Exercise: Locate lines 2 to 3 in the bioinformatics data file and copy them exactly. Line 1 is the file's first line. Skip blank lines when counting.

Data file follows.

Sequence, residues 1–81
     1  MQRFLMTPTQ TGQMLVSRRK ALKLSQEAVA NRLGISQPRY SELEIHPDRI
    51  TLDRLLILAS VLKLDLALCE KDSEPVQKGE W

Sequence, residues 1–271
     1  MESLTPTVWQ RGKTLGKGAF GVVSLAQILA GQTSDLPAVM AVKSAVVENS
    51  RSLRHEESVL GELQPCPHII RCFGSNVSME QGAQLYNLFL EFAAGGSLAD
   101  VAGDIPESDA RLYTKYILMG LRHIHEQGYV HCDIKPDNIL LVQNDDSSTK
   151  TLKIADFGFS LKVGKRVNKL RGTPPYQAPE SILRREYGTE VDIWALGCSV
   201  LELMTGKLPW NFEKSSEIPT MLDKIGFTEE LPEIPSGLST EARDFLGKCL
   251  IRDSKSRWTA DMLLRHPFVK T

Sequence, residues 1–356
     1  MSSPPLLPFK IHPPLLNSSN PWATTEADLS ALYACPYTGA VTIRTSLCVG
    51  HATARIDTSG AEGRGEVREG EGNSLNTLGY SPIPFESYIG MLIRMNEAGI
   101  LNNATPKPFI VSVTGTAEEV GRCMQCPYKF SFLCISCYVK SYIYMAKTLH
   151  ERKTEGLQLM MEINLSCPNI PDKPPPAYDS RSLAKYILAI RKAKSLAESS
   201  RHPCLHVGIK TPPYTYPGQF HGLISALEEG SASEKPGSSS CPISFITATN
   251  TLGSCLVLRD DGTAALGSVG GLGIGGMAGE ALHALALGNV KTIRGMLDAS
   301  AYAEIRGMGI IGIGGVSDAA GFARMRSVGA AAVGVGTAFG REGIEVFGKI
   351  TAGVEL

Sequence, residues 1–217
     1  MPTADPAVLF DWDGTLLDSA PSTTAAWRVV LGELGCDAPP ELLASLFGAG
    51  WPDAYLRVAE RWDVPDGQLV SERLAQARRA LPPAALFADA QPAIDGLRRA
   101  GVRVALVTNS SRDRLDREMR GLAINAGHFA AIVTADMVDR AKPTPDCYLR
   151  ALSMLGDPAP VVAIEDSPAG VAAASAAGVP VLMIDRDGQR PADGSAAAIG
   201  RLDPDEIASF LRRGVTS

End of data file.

     1  MQRFLMTPTQ TGQMLVSRRK ALKLSQEAVA NRLGISQPRY SELEIHPDRI
    51  TLDRLLILAS VLKLDLALCE KDSEPVQKGE W